pleasure in recommending the Isaacs House to
the traveling public, and assure them that Mr.
Isaacs will be ever ready to extend to liis guests
as good accommodation as can be had in the
city of Macon, or at the first-class hotels in the
U. C. Burke, M. D., CuthbcrL
S. A. Tuornton, Brooksvil’e,
Jonathan Bridges, Lumpkin,
Hon. R. O. Dunlap, Dawson,
E. Bellflower, Damascus,
R. 11. Lanier, Cnthbert,
I!. M. Picket,
S. Wise Parker, Dawson,
M. J. Dudler, M. D.,
W. L. Kincannon,
11. li. McConnell,
IV. C. Dial,
G. M. McClure,
W. B. C. Puckett,
W. H. McAfee,
J. L. Dowda,
J. F. Vinning, W. M., Alcova
j Lodge No. 73, Newton countv.
Sam J. Winn.
J. A. Mi Kakny.
W. A. Reeves.
E. T. Rogers.
J. R. Battle, Oglethorpe.
B. B. Wilkiso.n, “
J. M. R. Westbrook, Americas.
L. L. Tilly, Chapel Hill.
W. T. Doster, Greensboro.
John Hightower, Lumpkin. Ga.
A. M. Barrett,
M. P. C vmp, Arnericus.
J. W. Remlev, Americns.
A. J. Williams,
T. S. M Bloodwortii,
Simon Holt, D. G. M., Lumpkin.
Hon. E Norris,
P. W. ’ -iDDiCK. Weston. Ga.
D. M. ’ iown, Henderson,
L. 11. ell, Henderson,
C. F. < '-sox. Monroe Cos.,
J. A. ,'er, Houston Cos
M. J. i.liks, Oglethorpe,
W. Da Maxey,
G. H. vOnon, Madison.
L. K. 2 ion, Oglethorpe.
Single . Harris, Tallifeiroco.
John Got, Minborn, Ga.
and many others.
ATTORN g AT LAW,
Ralston I II Building:,
CHERRY STREET, MACON, GGORGIA
Change of Schedule.
Macon A Uuunbwick Railroad Cos ■
Macon, Ua., October :;o, I*7o ’’ f
ON and after Thursday October s'l is--.
trains on this road will run as follow. .'’
DAY PASSBNUBR TRAIN, DAILY (SUNDAYS r
CEPTED.) El '
Leave Macon 9.,5
Arrive at Jcsup '
Arrive at Brunswick io ; oo H
Leave Brunswick g.'go A ' *•
Arrive at Jesup e ; 45 A ' j l.
Arrive at Macon 510 J( ' jj-
NIOIIT PASSENGER TRAIN, DAIRY,
Leave Macon g 35 j,
Arrive at Jesup 5.00 i
Arrive at Savannah H.;;o A /
Leave Savannah 7 do i> tl
Leave .Jesup ll'.io p J
Arrive at Macon 7.00* J
Both day and night toains connects clostlv
at Jesup with trains to and from Florida. J
HAWKINSVILRE TRAIN DAIRY, (SUNDAYS 1\
Leave Macon 2 : f,0 p M
Arrive at HaWklnsville 0:25 p M ’
Leave Hawkinsvillc ty : ss A ’ '
Arrive at Macon I();h5 A '
lTltf General Superintendent.
A. B. LUCE, Proprietor.
BOARD PER DAY $3.00.
ONE of the most desirable places on Troun
Mill, one mile from the Court House, and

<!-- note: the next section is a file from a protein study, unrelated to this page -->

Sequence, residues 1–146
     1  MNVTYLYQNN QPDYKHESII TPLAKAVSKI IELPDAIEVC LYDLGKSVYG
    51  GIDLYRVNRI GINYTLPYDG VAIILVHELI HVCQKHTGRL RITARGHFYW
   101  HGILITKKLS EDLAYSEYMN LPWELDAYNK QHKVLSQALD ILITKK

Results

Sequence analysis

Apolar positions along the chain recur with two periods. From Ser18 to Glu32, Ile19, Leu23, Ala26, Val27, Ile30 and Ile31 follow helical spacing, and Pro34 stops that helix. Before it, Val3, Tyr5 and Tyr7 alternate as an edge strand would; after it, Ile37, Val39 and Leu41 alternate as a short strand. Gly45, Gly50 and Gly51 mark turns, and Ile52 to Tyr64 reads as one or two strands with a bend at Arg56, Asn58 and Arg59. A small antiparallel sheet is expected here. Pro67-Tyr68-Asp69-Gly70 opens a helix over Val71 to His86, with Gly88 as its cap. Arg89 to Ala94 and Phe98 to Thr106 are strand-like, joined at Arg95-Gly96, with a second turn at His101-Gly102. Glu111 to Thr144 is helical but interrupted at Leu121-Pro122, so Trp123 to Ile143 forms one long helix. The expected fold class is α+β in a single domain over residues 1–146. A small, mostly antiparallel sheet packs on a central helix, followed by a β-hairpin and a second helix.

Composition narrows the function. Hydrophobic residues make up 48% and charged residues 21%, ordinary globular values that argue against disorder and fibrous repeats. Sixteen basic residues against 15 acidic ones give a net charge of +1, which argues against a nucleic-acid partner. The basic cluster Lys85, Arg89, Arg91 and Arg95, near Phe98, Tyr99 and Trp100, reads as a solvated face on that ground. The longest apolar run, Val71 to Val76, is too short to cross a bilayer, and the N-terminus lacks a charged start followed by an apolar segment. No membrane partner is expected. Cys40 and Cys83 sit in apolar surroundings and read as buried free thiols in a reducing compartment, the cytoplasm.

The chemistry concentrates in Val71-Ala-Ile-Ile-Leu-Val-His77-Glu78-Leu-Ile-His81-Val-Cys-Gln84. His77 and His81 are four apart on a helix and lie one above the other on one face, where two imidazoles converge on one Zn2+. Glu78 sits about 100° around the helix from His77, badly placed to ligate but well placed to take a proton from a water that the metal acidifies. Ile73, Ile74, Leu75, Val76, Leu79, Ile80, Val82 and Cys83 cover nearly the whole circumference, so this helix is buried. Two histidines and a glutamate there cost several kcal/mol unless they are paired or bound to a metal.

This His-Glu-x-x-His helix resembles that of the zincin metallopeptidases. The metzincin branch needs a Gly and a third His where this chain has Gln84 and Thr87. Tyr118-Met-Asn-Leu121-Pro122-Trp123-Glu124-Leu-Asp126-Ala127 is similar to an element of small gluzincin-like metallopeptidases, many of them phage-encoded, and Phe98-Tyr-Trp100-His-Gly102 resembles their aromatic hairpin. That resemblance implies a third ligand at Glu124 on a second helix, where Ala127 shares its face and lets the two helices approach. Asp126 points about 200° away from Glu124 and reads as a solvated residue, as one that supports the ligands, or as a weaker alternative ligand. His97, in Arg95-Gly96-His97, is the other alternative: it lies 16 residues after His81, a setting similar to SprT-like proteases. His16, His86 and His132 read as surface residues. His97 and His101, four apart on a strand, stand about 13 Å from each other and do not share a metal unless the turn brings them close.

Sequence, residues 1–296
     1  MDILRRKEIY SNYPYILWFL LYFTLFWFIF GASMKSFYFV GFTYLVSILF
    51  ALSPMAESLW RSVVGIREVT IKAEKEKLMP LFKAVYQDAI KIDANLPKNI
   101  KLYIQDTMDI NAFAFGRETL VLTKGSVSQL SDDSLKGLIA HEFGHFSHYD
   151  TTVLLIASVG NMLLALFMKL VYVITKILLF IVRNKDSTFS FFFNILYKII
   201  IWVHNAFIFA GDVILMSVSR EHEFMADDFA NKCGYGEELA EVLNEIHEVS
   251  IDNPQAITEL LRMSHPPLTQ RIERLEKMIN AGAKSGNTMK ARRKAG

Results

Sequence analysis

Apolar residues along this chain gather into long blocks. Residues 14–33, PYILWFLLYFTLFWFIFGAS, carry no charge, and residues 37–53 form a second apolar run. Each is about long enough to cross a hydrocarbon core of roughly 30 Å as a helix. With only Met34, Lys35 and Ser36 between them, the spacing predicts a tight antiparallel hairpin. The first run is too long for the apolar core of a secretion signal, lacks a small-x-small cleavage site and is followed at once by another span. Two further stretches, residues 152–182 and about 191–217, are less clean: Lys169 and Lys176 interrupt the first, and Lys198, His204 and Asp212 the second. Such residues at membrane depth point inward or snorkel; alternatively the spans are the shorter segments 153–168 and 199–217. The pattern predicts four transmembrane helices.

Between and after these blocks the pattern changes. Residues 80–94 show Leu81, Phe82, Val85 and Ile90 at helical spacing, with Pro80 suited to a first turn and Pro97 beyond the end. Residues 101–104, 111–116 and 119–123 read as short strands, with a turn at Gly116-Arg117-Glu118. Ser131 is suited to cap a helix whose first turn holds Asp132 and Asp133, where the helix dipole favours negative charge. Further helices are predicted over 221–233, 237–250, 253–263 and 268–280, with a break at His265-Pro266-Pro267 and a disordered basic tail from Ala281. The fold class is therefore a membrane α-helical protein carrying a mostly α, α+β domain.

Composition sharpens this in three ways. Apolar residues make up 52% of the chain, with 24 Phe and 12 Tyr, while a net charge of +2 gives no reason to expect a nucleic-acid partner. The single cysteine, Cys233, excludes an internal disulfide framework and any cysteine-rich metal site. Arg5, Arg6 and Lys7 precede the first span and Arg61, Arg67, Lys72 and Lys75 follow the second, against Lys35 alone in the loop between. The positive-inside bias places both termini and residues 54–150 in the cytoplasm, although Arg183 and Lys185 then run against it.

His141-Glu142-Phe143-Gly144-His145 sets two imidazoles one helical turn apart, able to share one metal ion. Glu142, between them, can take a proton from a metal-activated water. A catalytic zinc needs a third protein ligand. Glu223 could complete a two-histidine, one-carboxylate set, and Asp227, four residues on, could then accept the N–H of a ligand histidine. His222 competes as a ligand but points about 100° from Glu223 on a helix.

near Mercer University. Nineaorcs of land at
taelicd, orchard, garden, splendid well ol wa
Parties wanting to rent a good house can se
cure one by applying to the undersigned, orto
Messrs. B. It. Wrigley & Cos., Oti mid OS Second
street, Macon, (iu.
mtf JAMES W. KNOTT.
DAY board and board and lodging in a pri
vate house, cun be had by applying \o
W. I). Bainey on Walnut street, Macoii.
Sept. 12,1(572. 137-162.
Agricultural and Mechanical
ASSOCIATION OP GEOKUIA,
\ Y 7 ILL commence at their Fair Grounds at
V V Savannah, Georgia,
MONDAY, DECEMBER 2nd,
And continue Six days.
The central Railroad passes by the grounds.
For Premium List or information, address
J. H. F.STILL, Secretary,
132-td Savannah, Ga.
BIOS will be received for (450) four hun
dred and tifty Cypress, Cedar or Chestnut
Posts, 0 feet long and (7) seven inches square,
delivered at either depot in this city. Address
ootß-tf WM. HAZLEHUPvST.
(|nA PER MONTH by the year in advance.
U Two nice rooms, best locality in the
city for Dentist or Millinery business. Apply
at this office, or No. 8 Cotton Avenue,
MISS M. A. DANTE T
WOULD respectfully inform the Ladies of
.Macon and vicinity that she has taken
rooms at Nio. lO Cotton Avenue (up stairs I,
where she is prepared to do Dress Making in
the latent and most fashionable styles, and war
rants to give satisfaction. oct3l-2w
Dutch Flower Brsibr.
rpilE subscriber lias received a select stock
X of Hyacinths, Tulips, Narcissus, Crocus,
etc., etc., directly imported from Holland. For
price list apply at the store of G. Beggs, Cherrr
street, or to D. MILNE.'
Also a large 6tock of Wilson’s Strawbcrrj
plants, warranted pure. D. Jl.
J N O. W. CAMERON A < 0.,
A first elasß house in every respect.
ALL Insurance Agents doing business in
the city are requested to call at this oilier,
make returns and pay a tax of 2}<j per cent, on
their receipts to Sept. 1. By order of Council.
CHAS. J. WILLIAMSON,
EDWARD SPRINZ t
ATOTARY PUBLIC and EX-OFFICIO JUS*
ll TICE OF THE PEACE. I can be fouud
for the present at all hours of the day at my
office adjoining the law office of A. Proudlit
over the store of Jaques & Johnson, Third St..
Macon, Ga., to attend to all Magisterial busi
DR. P. H. WRIGHT
RESPECTFULLY tender his professional
services to the citizens of Macon and vi
cinity, Office at Drug Store No. 3 Brown
House Block. Residence at Rev. Samuel Boy
kin’s, Georgia avenue. Calls left at either
place will receive prompt attention. oelOtf
ANOTHER CAR LOAD
CHARTER OAK STOKES
TRUMAN & GREEN'S.
TRIAYGI i.ut block.
Sign of the Golden “Charter Oak.
C. TV. HOWARD.
ATTORNEY AT LA'vV
Offic at entrance of Ralston Hall, Cherry
S?"A 11 business will receive prompt *':